http://cgi.ebay.com/Vintage-OTTO-LI...t=UK_Woodwind_Instruments&hash=item20b9abb57c

http://cgi.ebay.com/Otto-Link-6-Fla...760?pt=LH_DefaultDomain_0&hash=item2eb5627738

That is what you find with 80%+ of NO USAs. The blank that my piece (in the questioned thread) has an even distance between both lines. Considering most of the NO USAs are long shank, I think I'm right in saying that mine is short shank. Maybe we can call yours "stubby", whatever. The bottom line is that it's still one of the earlier NO USA pieces refaced by Jon Van Wie. Nobody ever questioned you when you sold your 80s Tone Edges as "EB"s and I feel terrible for the poor guys that got them. These petty posts just show that you are a very petty and vindictive person, who has nothing better to do than throw stones from his glass house. I'm not doing anything wrong, and not misrepresenting anything here. These earlier NO USA pieces are darker than the later ones, its a fact - I'm not necessarily saying that one is better than the other, just different. I personally prefer a darker sound on tenor.
 

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If i still played Tenor i would be very interested in this piece for a number of reasons....firstly unbalancedaction sells first rate stuff (both horns and mouthpieces) and secondly i remember the "short shank" pieces as being very lush...the good ones that is....and if Jon refaced it then it will be in amazing playing condition because he was a true master (ask neffertiti)! Good luck with the sale.
 

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Discussion Starter #7
@Mr.Toad,
When did Babbitt take over the Otto Link company? I have older HR pieces that I consider as being early Babbitts but with all the info from all the experts it's hard to tell what's what's. Thanks.
I am not an expert on Babbitt Links. Unbalancedaction probably knows more about them.
I know a few different kinds of "EB" and old Babbitt Links, some have the long flat baffles and some I was told about as having has numbers stamped reversed in the chambers by some dealers. That kind, with the number stamped in the chamber was one of the ones I sold recently. The thing with so-called "Early Babbitt" Links is that the term itself, SOUNDS like a model name but it is not. It refers to simply an AGREED UPON time period for a mouthpiece. During the EB period there are multiple deigns for the pieces. You'd have to be really clear on what some group (who is that?) agreed upon exactly to know whether what you had fit the criteria for a true early babbitt. In my experience there are a number of designs that differ significantly from what has been made over the last 25 years, and I am not sure exactly what is acceptable, and to what group of people it should be acceptable to, to make it a real EB.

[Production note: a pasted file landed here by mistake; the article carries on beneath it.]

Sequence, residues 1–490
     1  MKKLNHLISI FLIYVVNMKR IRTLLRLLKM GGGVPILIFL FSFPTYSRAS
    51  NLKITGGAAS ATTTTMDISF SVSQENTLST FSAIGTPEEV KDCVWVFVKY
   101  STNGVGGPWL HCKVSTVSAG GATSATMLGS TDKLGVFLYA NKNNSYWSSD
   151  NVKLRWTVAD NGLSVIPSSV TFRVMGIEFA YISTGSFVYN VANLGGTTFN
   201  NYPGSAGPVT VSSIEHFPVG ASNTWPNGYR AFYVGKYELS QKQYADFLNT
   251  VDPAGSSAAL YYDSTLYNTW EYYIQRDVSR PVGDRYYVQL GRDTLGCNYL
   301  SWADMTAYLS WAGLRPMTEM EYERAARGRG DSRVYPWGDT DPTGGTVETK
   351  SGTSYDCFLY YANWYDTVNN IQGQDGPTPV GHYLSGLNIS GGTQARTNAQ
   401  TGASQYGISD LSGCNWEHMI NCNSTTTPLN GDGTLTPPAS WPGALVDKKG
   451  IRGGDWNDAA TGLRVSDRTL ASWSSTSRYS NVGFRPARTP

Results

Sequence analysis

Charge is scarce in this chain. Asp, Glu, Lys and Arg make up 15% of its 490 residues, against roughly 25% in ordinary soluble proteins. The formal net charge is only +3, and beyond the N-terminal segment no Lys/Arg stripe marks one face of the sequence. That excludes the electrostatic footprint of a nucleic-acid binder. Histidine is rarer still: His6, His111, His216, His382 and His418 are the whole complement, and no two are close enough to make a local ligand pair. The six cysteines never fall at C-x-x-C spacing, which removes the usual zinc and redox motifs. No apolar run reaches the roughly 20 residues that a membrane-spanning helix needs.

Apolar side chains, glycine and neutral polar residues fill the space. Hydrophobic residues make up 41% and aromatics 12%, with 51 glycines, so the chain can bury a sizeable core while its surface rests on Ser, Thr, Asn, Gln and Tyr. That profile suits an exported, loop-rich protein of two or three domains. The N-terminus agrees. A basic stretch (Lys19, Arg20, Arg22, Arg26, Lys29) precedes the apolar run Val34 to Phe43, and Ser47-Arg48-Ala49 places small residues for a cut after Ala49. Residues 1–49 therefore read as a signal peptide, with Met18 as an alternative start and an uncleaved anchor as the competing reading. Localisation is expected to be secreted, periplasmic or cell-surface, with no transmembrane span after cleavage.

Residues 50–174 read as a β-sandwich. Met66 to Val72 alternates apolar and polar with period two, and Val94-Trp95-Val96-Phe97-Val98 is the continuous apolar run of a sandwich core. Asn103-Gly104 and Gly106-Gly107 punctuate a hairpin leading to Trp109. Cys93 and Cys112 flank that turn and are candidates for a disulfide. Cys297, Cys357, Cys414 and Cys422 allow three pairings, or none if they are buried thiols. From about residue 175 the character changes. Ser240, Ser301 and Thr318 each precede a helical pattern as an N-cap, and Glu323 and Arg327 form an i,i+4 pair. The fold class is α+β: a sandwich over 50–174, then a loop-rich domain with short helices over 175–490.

The earliest EB's are basically FL Links.. then from there forward they have the long flat baffles and smaller chambers, and then from there forward there are other changes, and some more rounded baffles and such, it is a progression. There is no dating, or model cut off... So in this case when unbalanced says I misrepresented an EB, I simply did not check with him first to see if he though it was "early enough", and maybe it wasn't, I am not an expert and am not trying to part of the 'Early Babbitt Certification Committee".

If you want a good EB Link the earlier the better really. The best ones are directly after the FL Links in my experience, but they will be the most expensive as well. I am not the expert on those but I know them when I see them. Sorry I could not be of more help on that one, and finally, now that I have admitted I am not part of the EBCC I can stop hearing about how I ripped someone off for not checking with unbalancedguy and selling a mouthpiece ok? cool..
 

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Seems that an objective discussion can be had on this matter without focus inappropriately shifting to the personal. There are clearly multiple shank lengths. The extent to which they correspond with playing characteristics, for better or for worse, appears to be a matter of both experience and personal preference.
 

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Discussion Starter #9
The blank that my piece (in the questioned thread) has an even distance between both lines. Considering most of the NO USAs are long shank, I think I'm right in saying that mine is short shank. Maybe we can call yours "stubby", whatever.
We will not agree to call it stubby or anything, because thinking up more names for mythical holy grail pieces is not my job and I think it is silly.
What you've got is an EARLY(er) FL Link, pure and simple. Is that not good enough?
Your problem here is that it is a falsehood that "most of the NO USAs are long shank". That is simply not true, I find the longer ones are not any more prevalent.
The other photos of the truly short one I posted, fist of all, is not MINE, it is someone else's that recently sold. I HAVE had them though.
That one is actually very short, that IS the 'short shank' regardless of what we decide, because it is.. well.. SHORT.

THAT one.. IS more rare.


The bottom line is that it's still one of the earlier NO USA pieces refaced by Jon Van Wie...
Exactly, It's a valuable piece, does it have to be more than that?

These petty posts just show that you are a very petty and vindictive person, who has nothing better to do than throw stones from his glass house. I'm not doing anything wrong, and not misrepresenting anything here. These earlier NO USA pieces are darker than the later ones, its a fact - I'm not necessarily saying that one is better than the other, just different. I personally prefer a darker sound on tenor.
The fact that you see this as upsetting, well I am not sure why that is. I have nothing to be vindictive about do I?